The Marimba instrument is not often used in ambient music, at least as far as I know. But the sound of the instrument is very suited for it, especially when paired with the right electronic effects.
MNO is short for Michael Emeneau, a professional vibraphonist, composer and producer with experience in a broad range of styles like jazz, rock, drum & bass, salsa, techno, country, hindustani, gospel, baroque, klezmer and orchestral music. His biography boasts recording over 1150 CD’s. ‘Ambient/electronic’ music is not explicitly mentioned in this list, even though there were some solo releases on Hearts of Space and Six Degrees records.
For Ambient Marimba, MNO decided that he wanted to showcase the sound of the 5 octave rosewood marimba he used, not his ability to play it. “I needed to remove my ego from the creative process.” To do so, he decided to perform the tracks for this album while in a state of extreme tiredness, so that he was too tired to consider whether he was playing well or not.
“I set up all the recording gear, stayed up all night, and in the morning, entered the recording studio, hit the record button and played the marimba until I could no longer stand up. (4-5 hours/session) I did this two consecutive nights.[…] I think it is the purest, honest playing I have ever done.”
The passages he recorded were then electronically altered to create “flowing water-like sounds, intended to make music ‘not to listen to’.”
In fact, I think this music is far too beautiful nót to listen to. As the album progresses, more melodic parts are introduced (in Cadenza for instance), without interrupting the ‘flowing’ sounds. Gon-Gon, with 11 minutes the longest track on the album, sounds like it could have been written for a gamelan orchestra.
Michael Emeneau definitely succeeded in what he was trying to achieve. The recording process may have “felt like crap the entire time” for him as a musician, but the end result for the listener is about the opposite of that: refreshing and rewarding.
Ambient Marimba was originally released in 2004, but the distributor went bankrupt and the album went in limbo for many years. Not many people will have found out about this album then, so this re-release is good news for everyone to enjoy.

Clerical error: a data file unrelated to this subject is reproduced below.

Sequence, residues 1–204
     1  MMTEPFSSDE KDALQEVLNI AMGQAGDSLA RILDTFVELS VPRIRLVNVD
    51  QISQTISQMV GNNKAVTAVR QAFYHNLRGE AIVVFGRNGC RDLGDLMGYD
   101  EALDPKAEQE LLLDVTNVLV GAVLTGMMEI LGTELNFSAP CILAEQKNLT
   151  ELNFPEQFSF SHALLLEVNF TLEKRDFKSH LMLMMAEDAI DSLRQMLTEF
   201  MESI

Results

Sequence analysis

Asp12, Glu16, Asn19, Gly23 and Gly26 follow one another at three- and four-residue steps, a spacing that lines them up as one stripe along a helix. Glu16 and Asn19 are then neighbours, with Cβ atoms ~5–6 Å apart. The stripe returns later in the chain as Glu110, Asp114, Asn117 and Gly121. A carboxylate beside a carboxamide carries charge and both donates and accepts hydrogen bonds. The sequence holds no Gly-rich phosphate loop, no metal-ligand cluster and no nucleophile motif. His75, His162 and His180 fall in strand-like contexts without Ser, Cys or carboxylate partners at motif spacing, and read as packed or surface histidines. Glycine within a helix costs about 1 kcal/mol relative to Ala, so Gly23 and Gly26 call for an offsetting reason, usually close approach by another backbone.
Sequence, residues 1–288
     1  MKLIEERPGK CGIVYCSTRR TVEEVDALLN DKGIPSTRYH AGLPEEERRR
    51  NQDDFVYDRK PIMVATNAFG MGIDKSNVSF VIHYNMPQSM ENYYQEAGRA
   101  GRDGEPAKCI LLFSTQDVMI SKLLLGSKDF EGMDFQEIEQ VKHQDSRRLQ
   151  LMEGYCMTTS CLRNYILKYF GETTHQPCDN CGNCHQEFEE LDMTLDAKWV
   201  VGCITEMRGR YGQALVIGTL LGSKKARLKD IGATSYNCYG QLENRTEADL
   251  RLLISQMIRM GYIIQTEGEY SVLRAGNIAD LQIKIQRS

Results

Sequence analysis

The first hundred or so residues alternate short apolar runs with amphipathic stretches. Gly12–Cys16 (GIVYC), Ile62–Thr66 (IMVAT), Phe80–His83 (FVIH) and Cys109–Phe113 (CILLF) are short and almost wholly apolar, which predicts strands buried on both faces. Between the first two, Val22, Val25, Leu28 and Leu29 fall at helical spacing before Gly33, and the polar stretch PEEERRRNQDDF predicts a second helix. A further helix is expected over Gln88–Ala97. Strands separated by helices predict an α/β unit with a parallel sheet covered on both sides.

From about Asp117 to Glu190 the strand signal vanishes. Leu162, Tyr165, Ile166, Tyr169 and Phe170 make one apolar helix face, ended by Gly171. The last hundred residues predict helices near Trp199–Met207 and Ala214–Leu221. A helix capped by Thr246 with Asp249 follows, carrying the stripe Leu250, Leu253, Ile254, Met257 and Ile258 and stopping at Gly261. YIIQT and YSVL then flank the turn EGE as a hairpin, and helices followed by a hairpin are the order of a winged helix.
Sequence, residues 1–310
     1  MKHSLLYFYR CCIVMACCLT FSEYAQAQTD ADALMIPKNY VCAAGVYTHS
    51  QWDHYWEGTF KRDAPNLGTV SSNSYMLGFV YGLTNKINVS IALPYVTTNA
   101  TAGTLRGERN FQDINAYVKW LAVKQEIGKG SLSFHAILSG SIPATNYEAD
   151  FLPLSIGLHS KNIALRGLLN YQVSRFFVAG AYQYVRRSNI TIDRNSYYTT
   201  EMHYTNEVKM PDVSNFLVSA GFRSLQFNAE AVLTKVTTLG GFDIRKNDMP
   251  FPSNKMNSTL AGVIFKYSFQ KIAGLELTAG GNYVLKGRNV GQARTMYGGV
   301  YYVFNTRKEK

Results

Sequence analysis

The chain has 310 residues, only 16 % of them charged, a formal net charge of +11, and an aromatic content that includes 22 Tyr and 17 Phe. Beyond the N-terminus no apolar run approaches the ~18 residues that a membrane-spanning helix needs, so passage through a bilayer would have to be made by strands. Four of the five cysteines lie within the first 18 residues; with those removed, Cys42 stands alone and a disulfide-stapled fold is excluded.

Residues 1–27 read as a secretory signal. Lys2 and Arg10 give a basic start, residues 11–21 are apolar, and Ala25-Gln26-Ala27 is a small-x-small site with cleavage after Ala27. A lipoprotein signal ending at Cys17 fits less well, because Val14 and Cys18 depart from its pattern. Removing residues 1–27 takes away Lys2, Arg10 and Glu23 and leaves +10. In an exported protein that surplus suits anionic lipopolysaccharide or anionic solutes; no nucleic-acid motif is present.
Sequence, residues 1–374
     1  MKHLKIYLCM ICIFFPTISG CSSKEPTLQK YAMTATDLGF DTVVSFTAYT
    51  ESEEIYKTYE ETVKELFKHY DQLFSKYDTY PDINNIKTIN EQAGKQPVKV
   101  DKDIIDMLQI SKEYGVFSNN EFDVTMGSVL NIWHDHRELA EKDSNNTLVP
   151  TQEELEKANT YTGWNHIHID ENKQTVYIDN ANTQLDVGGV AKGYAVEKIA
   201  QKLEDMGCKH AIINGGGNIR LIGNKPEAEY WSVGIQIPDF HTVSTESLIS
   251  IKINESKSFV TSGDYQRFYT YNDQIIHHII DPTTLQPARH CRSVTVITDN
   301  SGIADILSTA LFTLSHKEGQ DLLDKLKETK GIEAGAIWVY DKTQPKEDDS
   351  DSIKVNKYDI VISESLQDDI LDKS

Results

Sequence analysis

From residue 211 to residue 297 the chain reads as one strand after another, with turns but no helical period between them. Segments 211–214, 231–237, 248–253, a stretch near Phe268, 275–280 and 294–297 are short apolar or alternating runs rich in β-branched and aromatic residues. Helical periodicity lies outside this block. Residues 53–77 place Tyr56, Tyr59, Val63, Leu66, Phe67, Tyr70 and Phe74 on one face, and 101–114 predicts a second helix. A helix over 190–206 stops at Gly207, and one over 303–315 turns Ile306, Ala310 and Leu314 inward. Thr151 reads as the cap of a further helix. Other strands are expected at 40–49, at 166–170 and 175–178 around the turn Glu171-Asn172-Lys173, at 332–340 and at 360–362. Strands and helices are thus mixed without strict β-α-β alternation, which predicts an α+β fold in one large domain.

MICHAEL BEGG & CLODAGH SIMONDS – WITNESS 3
A few weeks ago I recommended listening to Michael Begg’s Witness 1, an ambient soundscape following the rules of the movement of six satellites around the earth.
Since then, this was followed up with Witness 2, which introduced the ‘Weather Engine’. Here, the sounds are mapped to live data like this: “the key is determined by the time of day, the tempo is determined by wind speed, the range of notes is affected by cloud cover, and humidity levels trigger more percussive elements.”
This must be an interesting topic: “Have you heard the weather today?”
On Witness 3, Michael Begg returns to the satellites again, aiming his Witness Engine to satellites from the European Space Agency: Sentinel 1, 2, 3, 5, Cryosat and Terra. If you’re interested in the underlying data: check [here].
The difference with Witness 1 is that this time “the turning of the satellites, their orbital patterns and relationships to each other trigger choral clusters composed and arranged by Clodagh Simonds“, the Irish singer currently known for her work with Fovea Hex.
The result is quite stunning: it’s comparable to hurling through space like depicted in the 2001 – A Space Odyssey end scene. Part of the mysterious effect is achieved by keeping the triggered sounds into an (almost) mono signal. At least in the beginning: as the three pieces evolve, more ‘widescreen’ background sounds are introduced and the result becomes even more immersive.
Music of the Stars (literally), combined with an angelic choir…. even with 58 minutes it feels like eternity.
And I mean that in the most positive way.